Friday, June 07, 2013

Travel: Day 6 - Australia - Dingoes, Turtles, and Australia's venomous reputation

One of the advantages of teaching at a small liberal arts institution is the freedom to design and offer courses that are close to one's heart. 

In January 2011, I taught Tropical Ecology  and, for one of the class activities, I took a group of students on a 10 day trip to Puerto Rico. (Click here to read about the trip to Puerto Rico). 

In January 2013, I taught Ecology of Australia and, naturally, it entailed a field trip to Australia! What follows is a travelogue of our adventures together, the sights we saw, the things we did, and the lessons we learned while exploring a land far removed from home.

(You can the previous posts in this thread here).

On Day 6, we hopped onto a taxi and took a short ride to:

(C.S. Manish 2013)
According to their website, James Cook University, established in 1970, is a multi-campus institution with main campuses in Cairns, Singapore and Townsville, with smaller study centers in Mount Isa, Thursday Island and Mackay. They also have a campus in Brisbane, operated by Russo Higher Education.  JCU is Queensland's second-oldest University and serves over 17,500 students.

(C.S. Manish 2013)
(Note: In order to conserve space on the blog and make it easier to scroll through, I am condensing how much of  the post is displayed.  To read the rest of it, simply click on the "Click here for the rest of my jaywalk" link below).
With the ocean in the near-distance on one side and mountains on the other, the Cairns campus is perfectly situated.

(Victoria Vollmer 2013)
However, when we visited JCU, the campus was barren, presumably on account of the summer holidays.

(Angie Proctor 2013)
The campus is sprinkled with all sorts of interesting displays and sculptures, like this one made entirely of marble.  (I searched for a link for the sculpture but failed to find any):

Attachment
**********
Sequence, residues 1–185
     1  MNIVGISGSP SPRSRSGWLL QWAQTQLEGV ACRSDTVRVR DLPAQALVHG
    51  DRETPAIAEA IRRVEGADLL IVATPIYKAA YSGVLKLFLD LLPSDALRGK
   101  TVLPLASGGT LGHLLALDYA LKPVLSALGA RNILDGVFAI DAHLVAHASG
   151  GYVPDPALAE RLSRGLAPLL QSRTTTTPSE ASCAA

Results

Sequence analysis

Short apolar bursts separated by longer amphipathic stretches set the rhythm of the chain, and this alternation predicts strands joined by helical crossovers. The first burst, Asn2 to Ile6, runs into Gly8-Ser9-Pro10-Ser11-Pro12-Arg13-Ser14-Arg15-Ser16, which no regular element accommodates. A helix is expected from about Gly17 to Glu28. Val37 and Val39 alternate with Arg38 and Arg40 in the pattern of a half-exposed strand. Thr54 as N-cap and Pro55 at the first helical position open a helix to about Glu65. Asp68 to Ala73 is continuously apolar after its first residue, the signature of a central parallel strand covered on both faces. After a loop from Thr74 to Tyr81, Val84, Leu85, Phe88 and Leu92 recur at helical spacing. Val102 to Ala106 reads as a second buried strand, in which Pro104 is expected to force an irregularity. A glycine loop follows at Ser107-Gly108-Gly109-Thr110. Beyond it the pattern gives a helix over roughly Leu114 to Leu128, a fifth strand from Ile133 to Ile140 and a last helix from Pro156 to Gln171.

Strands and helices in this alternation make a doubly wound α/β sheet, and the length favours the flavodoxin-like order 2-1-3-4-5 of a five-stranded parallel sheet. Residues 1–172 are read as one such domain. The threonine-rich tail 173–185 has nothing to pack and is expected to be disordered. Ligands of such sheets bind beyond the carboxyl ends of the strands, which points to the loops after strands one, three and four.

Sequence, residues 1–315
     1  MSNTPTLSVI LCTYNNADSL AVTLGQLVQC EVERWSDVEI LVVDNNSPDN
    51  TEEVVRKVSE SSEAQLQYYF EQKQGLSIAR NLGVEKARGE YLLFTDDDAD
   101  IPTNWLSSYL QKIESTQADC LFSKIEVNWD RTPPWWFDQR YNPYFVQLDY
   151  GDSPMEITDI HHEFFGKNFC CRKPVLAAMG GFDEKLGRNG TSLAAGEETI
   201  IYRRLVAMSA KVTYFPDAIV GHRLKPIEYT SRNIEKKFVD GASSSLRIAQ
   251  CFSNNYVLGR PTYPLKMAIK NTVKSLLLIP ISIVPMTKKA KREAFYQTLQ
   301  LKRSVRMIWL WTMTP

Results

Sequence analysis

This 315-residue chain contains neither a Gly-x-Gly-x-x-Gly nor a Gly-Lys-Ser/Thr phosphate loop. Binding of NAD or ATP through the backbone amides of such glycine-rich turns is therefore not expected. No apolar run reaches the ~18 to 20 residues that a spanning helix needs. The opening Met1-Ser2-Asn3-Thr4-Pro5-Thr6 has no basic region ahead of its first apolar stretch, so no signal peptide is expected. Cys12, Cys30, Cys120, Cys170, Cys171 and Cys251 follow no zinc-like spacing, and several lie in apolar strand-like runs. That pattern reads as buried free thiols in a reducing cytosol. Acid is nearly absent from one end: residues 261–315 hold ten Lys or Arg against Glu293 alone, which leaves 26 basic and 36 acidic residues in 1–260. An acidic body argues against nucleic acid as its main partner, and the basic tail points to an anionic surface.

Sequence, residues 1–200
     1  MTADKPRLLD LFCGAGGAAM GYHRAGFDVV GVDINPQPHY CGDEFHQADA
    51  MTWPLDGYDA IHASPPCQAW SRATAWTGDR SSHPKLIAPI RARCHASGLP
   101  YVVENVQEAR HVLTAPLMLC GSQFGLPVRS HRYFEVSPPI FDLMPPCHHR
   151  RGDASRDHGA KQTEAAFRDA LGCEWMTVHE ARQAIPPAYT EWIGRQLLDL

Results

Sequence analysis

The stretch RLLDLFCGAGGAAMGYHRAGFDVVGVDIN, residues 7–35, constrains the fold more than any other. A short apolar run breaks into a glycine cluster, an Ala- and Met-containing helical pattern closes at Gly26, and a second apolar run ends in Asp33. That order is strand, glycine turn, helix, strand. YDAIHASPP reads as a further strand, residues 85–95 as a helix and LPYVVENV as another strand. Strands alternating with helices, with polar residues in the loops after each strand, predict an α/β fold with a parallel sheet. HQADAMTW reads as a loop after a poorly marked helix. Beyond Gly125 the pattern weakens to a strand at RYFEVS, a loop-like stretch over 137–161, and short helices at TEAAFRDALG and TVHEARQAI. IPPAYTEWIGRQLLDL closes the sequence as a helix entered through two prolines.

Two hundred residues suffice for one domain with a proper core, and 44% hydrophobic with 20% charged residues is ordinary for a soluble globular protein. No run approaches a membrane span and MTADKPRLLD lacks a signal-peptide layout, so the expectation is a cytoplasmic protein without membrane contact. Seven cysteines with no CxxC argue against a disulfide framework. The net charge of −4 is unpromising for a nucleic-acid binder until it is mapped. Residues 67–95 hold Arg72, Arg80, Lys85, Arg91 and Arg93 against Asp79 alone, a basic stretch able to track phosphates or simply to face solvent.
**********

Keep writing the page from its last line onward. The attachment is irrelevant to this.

(Trey Cusick III 2013)
Our first order of business was to listen to a current graduate student and a couple of faculty member discuss the various research projects they undertake.

(C.S. Manish 2013)
The first speaker was Damian Morrant, a PhD candidate who works extensively with Australia's wild dogs - the famous dingoes.

(C.S. Manish 2013)
As one of the top predators in the Australian ecosystem, dingoes are perceived as both a boon and a bane, depending upon whom you talk to.  In some areas, they are valued because they prey on feral or wild animals that can be agricultural "pests".  However, since they have been documented to kill pets or domesticated animals, they are also thought to be a threat to the human population.  Often, the latter sentiment prevails and this is used to justify killing dingoes.

Damian talked about the various ways in which he has been collecting data on dingoes - including trip-wire cameras, lick pads, and hair pads.  More recently, he has been able to trap a few dingoes (ten, I think) and fix radio-collars on them to follow their activity and movement thought GPS.  Also, he collects dingo scat and examines it to figure out the dietary habits of these animals.  (For more details, click here to see his presentation).